Current conditions on the Reef
Each summer, we assess the health of reefs, as this part of the year poses a greater risk of coral bleaching, extreme weather and flooding.
Stressful conditions can lead to coral disease outbreaks, while poor water quality can also lead to greater numbers of coral eating crown-of-thorns starfish.
Conditions on the Great Barrier Reef remain neutral according to the Bureau of Meteorology:
- The El Niño-Southern Oscillation is currently within the neutral range, indicating neither drought nor wet season generally associated with El Niño or La Niña conditions. However, the chance of an El Niño (drier conditions) occurring in 2014 has increased.
- Sea surface temperatures remained near average since December 2013, although current observations indicate the tropical Pacific Ocean is warming. Most models show sea surface temperatures reaching warmer El Niño thresholds during the southern hemisphere winter.
- A near average level of cyclone activity (four cyclones in eastern Australia) is forecast for this season. So far, three cyclones (cyclones Dylan, Edna and Ita) occurred in the Great Barrier Reef Marine Park. Category 5 cyclone Ita crossed the Reef at Lizard Island on Friday 11 April and made landfall at Cape Flattery as a category 4.
- A lower than average rainfall season is forecast for most of eastern Australia during March to May 2014.
- Flood plumes are influenced by the level of rainfall received in the Great Barrier Reef catchment. Since October 2013, the catchment experienced low to average levels of rainfall, a pattern set to continue through April 2014.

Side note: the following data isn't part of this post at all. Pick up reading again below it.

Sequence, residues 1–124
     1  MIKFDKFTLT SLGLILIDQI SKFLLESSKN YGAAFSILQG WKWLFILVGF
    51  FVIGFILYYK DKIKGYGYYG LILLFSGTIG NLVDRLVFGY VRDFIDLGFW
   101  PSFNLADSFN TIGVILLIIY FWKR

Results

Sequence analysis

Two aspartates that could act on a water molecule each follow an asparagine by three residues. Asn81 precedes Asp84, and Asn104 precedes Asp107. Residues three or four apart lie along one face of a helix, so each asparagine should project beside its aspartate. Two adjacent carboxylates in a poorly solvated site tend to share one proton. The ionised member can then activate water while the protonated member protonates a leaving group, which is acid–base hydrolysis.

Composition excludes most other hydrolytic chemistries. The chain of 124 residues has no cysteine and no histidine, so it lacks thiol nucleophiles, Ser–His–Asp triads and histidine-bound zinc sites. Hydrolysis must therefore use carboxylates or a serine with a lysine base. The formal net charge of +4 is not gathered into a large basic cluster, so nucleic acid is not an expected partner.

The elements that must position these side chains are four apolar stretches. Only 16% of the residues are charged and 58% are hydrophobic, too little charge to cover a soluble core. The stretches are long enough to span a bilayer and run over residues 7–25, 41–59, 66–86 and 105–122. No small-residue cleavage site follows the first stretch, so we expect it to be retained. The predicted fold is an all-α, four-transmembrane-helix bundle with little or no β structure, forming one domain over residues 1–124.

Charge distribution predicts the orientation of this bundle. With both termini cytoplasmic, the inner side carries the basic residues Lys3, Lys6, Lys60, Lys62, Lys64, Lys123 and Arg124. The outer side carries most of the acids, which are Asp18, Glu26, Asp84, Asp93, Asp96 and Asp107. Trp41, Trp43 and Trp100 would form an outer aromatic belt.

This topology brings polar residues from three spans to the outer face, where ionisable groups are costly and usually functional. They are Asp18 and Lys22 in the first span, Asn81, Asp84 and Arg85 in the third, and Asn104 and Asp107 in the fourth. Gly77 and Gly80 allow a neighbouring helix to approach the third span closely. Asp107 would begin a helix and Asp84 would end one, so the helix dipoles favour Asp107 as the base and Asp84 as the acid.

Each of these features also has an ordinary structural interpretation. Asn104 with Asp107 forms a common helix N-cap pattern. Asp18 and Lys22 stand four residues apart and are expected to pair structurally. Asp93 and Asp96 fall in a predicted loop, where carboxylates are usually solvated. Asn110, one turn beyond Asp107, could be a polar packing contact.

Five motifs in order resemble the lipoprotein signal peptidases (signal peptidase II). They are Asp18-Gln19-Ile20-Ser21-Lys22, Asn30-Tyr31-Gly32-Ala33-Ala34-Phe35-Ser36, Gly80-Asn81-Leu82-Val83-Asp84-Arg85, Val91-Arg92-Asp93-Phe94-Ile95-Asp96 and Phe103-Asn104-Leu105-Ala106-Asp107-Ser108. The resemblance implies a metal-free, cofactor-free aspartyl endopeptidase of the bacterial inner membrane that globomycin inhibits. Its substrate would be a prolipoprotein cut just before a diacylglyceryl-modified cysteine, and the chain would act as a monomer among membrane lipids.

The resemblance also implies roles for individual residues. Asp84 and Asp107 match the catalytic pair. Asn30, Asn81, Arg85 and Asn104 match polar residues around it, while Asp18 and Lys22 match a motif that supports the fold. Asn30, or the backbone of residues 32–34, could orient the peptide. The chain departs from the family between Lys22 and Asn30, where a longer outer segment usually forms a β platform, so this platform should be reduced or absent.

Coral reef health reports
Together with the Queensland Parks and Wildlife Service and the Eye on the Reef monitoring network, we’ve carried out 894 reef health and impact surveys across 88 reefs on the Great Barrier Reef since 1 December 2013.
Most (83 per cent) of these surveys were completed in the Cairns-Cooktown region, and the majority of the remainder in the Mackay-Capricorn region.
Of all the surveys, 44 per cent recorded healthy coral reefs with no impacts, 30 per cent had one type of impact and another 26 per cent recorded more than one impact.
Predation (mainly by crown-of-thorns starfish) was seen in 40 per cent of the surveys.
Some signs of coral stress, such as low-level coral bleaching and disease, were also evident in 20 per cent of surveys. Signs of low level coral damage could be seen in approximately 27 per cent of surveys. In the majority of cases the damage was attributed to adverse weather conditions or marine animals.
Potential damage to the Reef by cyclone Ita will be assessed in the coming month.
Want to help us keep an eye on the Great Barrier Reef? Find out more about our programs and how you can get involved.
A Vulnerability Assessment: of the issues that could have far-reaching consequences for the Great Barrier Reef.
Current Conditions: Environmental and climatic forecasts for the Great Barrier Reef